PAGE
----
As a weakside inside linebacker in the Ravens' 3-4 scheme, Brown's game is based on speed more than bulk. Playing behind imposing defensive linemen like Pro Bowl defensive tackle Haloti Ngata, Brown is shielded from taking on blocks so he can chase down running backs.
"If you talk to defensive coordinators schooled in the 3-4, they'll tell you inside linebacker is not a position that requires you to be 6-3, 250 pounds anymore," said Louis Riddick, an ESPN analyst and former Philadelphia Eagles director of pro personnel. "The Ravens have it designed so the nose guards and other defensive linemen clog it up and make everything bounce wide. Arthur Brown is tailor-made for that defense.
"Nobody got downhill faster or got off blocks with better leverage and attacked better in the Big
12 than Arthur Brown. The Ravens have some horses upfront, so Arthur should be able to stay as clean as possible. He's more than equipped to shed, get off the block and go make a lot of tackles."
Brown got off to a relatively quiet start during the Ravens' 44-16 preseason victory Thursday night over the Tampa Bay Buccaneers. Although he finished with no tackles, Brown didn't look out of place on the field as he shadowed receivers.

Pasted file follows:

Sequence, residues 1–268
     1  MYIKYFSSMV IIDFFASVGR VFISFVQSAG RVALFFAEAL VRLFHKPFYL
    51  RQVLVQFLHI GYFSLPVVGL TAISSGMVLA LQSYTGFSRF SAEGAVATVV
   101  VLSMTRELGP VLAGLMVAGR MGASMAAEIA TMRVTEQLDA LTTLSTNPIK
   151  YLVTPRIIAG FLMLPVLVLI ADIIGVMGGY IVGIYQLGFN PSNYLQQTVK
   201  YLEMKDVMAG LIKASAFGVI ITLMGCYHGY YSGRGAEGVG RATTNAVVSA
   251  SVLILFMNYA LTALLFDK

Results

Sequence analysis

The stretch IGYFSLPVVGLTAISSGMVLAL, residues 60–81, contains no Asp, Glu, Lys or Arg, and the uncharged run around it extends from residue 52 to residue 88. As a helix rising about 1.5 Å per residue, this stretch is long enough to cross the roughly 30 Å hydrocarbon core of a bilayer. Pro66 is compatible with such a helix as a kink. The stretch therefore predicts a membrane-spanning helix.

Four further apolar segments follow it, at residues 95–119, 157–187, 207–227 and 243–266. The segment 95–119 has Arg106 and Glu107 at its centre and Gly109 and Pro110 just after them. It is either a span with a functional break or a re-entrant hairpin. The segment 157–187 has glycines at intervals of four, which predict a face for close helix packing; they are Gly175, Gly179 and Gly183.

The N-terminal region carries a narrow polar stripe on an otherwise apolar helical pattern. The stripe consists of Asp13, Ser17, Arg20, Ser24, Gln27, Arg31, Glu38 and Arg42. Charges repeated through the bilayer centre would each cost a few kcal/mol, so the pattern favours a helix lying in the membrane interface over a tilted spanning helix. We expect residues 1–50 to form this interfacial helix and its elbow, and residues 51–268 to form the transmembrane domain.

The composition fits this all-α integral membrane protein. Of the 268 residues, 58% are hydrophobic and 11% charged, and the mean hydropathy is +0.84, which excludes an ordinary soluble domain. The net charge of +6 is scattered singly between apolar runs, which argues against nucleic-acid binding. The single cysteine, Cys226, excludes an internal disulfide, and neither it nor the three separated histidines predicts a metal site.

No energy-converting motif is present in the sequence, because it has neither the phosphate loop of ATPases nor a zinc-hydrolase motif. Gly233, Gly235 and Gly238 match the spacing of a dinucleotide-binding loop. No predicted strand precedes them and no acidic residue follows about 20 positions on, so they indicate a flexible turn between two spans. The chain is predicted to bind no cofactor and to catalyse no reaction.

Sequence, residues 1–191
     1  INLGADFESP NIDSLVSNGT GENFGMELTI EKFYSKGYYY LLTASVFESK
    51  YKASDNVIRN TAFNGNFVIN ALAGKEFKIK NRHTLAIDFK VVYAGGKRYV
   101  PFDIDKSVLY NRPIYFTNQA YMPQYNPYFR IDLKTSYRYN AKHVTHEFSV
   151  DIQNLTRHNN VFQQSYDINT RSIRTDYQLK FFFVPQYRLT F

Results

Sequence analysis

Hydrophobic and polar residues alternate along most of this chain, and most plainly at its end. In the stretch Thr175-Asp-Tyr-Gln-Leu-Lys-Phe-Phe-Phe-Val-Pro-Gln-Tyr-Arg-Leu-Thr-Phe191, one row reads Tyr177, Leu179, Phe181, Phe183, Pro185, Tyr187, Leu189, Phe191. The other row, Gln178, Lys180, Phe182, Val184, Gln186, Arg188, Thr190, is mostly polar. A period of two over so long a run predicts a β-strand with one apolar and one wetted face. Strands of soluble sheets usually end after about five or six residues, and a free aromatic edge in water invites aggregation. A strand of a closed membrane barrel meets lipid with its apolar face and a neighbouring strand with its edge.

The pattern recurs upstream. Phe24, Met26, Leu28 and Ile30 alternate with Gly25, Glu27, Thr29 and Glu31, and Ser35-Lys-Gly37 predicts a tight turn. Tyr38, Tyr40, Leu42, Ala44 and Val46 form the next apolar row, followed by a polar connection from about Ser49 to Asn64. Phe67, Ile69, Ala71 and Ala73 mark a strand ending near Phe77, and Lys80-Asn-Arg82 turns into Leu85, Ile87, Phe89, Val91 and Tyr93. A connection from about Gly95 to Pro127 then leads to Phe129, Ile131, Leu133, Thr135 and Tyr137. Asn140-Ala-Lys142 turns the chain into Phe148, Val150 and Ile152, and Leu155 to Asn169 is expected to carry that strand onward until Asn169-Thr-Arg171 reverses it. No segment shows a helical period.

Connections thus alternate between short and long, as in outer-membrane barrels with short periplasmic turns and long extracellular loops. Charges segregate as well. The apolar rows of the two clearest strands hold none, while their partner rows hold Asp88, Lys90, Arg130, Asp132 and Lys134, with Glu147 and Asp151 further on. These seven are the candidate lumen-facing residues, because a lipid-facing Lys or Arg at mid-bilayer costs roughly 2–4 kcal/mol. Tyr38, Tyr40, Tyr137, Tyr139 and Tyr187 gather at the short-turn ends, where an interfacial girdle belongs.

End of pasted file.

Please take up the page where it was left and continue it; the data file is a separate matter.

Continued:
Brown is listed behind inside linebackers Daryl Smith and Josh Bynes on the depth chart, which follows the Ravens' tradition of making rookies earn a starting job regardless of their draft status. He promptly entered the game during the first defensive series against Tampa Bay.
When the Ravens drafted Brown, they traded three draft picks to the Seattle Seahawks to move up six spots to acquire him with the 56th overall selection. He's signed to a four-year, $3.554 million contract that includes a $964,896 signing bonus.
Brown is intent on giving the Ravens a major return on their investment.
"My rookie year, I want to compete to be a starter," Brown said. "I'm extremely ambitious. My biggest goal right now is grasping and having a great understanding of the defensive scheme and philosophy. I just want to play like a machine."
Arthur Brown file
Hometown: Wichita, Kan.
College: Kansas State
Acquired: Rookie second-round draft pick selected by the Ravens 56th overall in April.
Career stats: 218 tackles, three sacks, three interceptions, two fumble recoveries and six pass deflections
Honors: All-America selection named Big 12 Defensive Player of the Year in 2012 and Big East Defensive Newcomer of the Year in 2011.
Personal: His brother, Bryce Brown, plays running back for the Philadelphia Eagles. ... Arthur Brown graduated with a degree in social sciences from Kansas State.
Quotable: "Arthur Brown is a physical, downhill guy who can run," former Denver Broncos general manager Ted Sundquist said. "He's compact and tough, and should give the Ravens a lot of flexibility as an all-around linebacker."
-- Aaron WilsonCopyright © 2015, The Baltimore Sun